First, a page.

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The Adventurer's Gear Thread

Discussion in 'The Great Outdoors' started by Matt Deckard, May 22, 2006.

  1. Viola

    Viola Call Me a Cab

    Its the Ruger Vaquero I can't afford yet!:rage: :(


  2. carebear

    carebear My Mail is Forwarded Here

    If you aren't agin' taking "baby steps" you can get into a used Uberti for less than half the cost of that Ruger.

    It'll handle all but the "Ruger-only" .45 Colt loads and any people or animals in your vicinity. Better more shooting sooner than less shooting later, that's my motto. :D

    There's always time to trade up when resources permit.

    But this isn't a gun forum. (my natural habitat)
  3. JohnTheGreek

    JohnTheGreek Guest

    What a woman that Osa Johnson ! ! !
    Not sure they make 'em like that any more...
  4. Serial Hero

    Serial Hero A-List Customer


    Safari, A Chronicle of adventure


    It just arrived in the mail. From flipping through it, I can say it looks great. It’s the history of African safaris from the 1830’s to the present. Tons of period photos and drawings (from the days before the camera). It describes clothing, gear and guns. There’s also a chapter on classic films and Hemmingway.
  5. Thanks for the heads up on that one! I just ordered a copy...should be a great addition to my library.
  6. Looks excellent. I just put a copy on hold at the library.

    I just finished reading Arabian Sands by Wilfred Thesiger. Not safari, but an incredible account of the trips he took crisscrossing the Rub al Khali (The Empty Quarter) in the Arabian Peninsula. This is Exploration with a capital "E". It would seem tough to make endless days on a camel across open desert interesting, but Thesiger does it very well. Highly recommended.
  7. Need advice

    Hey everyone,
    I just picked up one of these L.L. Bean waxed canvas rucksacks (gotta love gift certificates). Overall it's a nice pack and has a vintage look to it. Except...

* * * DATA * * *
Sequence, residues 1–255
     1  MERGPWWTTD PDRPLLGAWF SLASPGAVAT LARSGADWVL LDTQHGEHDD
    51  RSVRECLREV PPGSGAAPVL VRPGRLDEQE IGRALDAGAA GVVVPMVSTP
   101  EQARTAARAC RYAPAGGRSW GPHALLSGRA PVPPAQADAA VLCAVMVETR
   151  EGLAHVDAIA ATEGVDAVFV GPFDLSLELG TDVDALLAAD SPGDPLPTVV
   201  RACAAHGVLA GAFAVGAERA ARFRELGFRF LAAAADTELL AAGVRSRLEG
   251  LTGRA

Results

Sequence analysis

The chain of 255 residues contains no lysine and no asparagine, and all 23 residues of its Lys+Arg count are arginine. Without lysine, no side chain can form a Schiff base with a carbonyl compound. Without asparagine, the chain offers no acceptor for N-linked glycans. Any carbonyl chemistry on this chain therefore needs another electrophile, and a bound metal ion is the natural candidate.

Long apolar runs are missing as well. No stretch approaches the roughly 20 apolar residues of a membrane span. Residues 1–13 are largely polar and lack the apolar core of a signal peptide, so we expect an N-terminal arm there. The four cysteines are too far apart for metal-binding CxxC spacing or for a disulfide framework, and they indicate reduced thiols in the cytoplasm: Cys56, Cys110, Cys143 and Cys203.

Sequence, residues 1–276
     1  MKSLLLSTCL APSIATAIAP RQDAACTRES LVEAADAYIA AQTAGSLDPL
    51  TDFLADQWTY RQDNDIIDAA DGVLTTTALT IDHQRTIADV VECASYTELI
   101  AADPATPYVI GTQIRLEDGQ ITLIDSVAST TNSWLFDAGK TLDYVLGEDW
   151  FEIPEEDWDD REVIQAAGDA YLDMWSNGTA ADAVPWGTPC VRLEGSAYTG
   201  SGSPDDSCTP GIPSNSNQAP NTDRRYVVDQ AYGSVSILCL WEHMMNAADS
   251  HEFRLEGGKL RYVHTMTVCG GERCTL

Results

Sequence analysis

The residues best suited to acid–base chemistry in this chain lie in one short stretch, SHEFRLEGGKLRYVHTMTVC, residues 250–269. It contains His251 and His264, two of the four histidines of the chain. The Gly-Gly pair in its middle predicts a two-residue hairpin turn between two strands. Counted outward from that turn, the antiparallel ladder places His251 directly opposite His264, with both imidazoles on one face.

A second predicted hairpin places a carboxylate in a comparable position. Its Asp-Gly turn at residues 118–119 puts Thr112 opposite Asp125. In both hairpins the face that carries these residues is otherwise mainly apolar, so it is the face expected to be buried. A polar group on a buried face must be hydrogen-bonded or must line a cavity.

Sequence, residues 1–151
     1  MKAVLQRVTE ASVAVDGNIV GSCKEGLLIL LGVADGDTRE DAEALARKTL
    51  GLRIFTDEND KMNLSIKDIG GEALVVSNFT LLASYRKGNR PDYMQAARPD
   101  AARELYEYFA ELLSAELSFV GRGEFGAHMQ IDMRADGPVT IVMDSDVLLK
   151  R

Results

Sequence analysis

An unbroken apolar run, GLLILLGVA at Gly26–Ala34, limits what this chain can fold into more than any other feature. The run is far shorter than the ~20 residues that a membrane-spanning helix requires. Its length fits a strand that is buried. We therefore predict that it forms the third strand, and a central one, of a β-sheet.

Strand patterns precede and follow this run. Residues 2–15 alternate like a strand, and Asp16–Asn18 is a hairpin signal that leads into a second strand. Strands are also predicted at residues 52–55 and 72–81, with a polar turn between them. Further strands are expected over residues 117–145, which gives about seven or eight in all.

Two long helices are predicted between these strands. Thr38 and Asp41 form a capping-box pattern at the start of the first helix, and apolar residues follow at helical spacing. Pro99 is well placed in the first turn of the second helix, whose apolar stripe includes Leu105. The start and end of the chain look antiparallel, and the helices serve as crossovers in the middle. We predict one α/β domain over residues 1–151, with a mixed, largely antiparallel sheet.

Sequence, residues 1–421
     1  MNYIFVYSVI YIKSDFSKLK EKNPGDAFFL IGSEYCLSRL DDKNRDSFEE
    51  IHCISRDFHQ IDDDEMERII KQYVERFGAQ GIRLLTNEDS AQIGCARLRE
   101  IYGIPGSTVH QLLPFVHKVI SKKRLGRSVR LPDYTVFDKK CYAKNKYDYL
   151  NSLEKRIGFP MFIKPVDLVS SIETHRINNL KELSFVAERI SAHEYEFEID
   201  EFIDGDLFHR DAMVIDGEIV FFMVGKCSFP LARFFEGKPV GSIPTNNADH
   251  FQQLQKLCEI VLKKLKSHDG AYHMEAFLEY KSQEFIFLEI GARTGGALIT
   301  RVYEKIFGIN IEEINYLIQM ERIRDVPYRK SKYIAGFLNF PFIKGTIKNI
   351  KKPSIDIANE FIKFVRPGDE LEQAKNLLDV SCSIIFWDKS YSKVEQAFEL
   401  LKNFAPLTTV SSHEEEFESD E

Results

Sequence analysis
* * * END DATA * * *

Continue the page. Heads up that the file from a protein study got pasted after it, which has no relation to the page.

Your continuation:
The entire back panel is made from black nylon mesh & foam. Rather than a matching canvas or perhaps leather, this modern synthetic material really turns me off. I don't know if it is possible, but can the back be replaced with something more vintage looking, e.g. leather or canvas? If so, who would I go to for alterations? The other options are bite the bullet and deal with the non-vintage aspects of the pack, or return it to L.L. Bean.
  8. Try contacting a local tack shop. If they don't do work themselves, they should be able to refer you to someone locally. The bag looks great from this angle!

    Kind regards,
  9. carebear

    carebear My Mail is Forwarded Here

    Remember, our forebearers, the ones who actually used that stuff, would have killed for modern fabrics and such.
  10. Mike, I had that pack for a relatively short time, too. I'm not so turned off by the back panel, but the zippered pockets really were a pain, plus the organizer pocket in the flap was just about useless. I just didn't think it was a good blend of modern convenience and vintage look and feel. The synthetic sheepskin strap padding didn't help matters! Overall I was disappointed. It seems like if you want more than a big canvas sack like a true vintage pack (e.g., Duluth Pack, Frost River, or the ubiquitous surplus Swiss salt-and-pepper rucksack), you have to go with a modern pack, nylon, dayglo colors, and all.
  11. Twitch

    Twitch My Mail is Forwarded Here

    Since my last adventurer outting was with the Marine Corps and it became a little too exciting:) I recently found an article of clothing that is quite flexible in use. I found an L.L. Bean vest at the thrift store for $3 in virtually new condition. These things are very handy. You see photojournalists in them when they're on assignment in the field. There are various branded styles on the same theme but the end result is the same- lots of pockets. It's light in weight and not meant for warmth. It goes with almost any other garb, mine is tan. They're great for travelers, full of zippered and Velcroed pockets to keep passports and valuables in.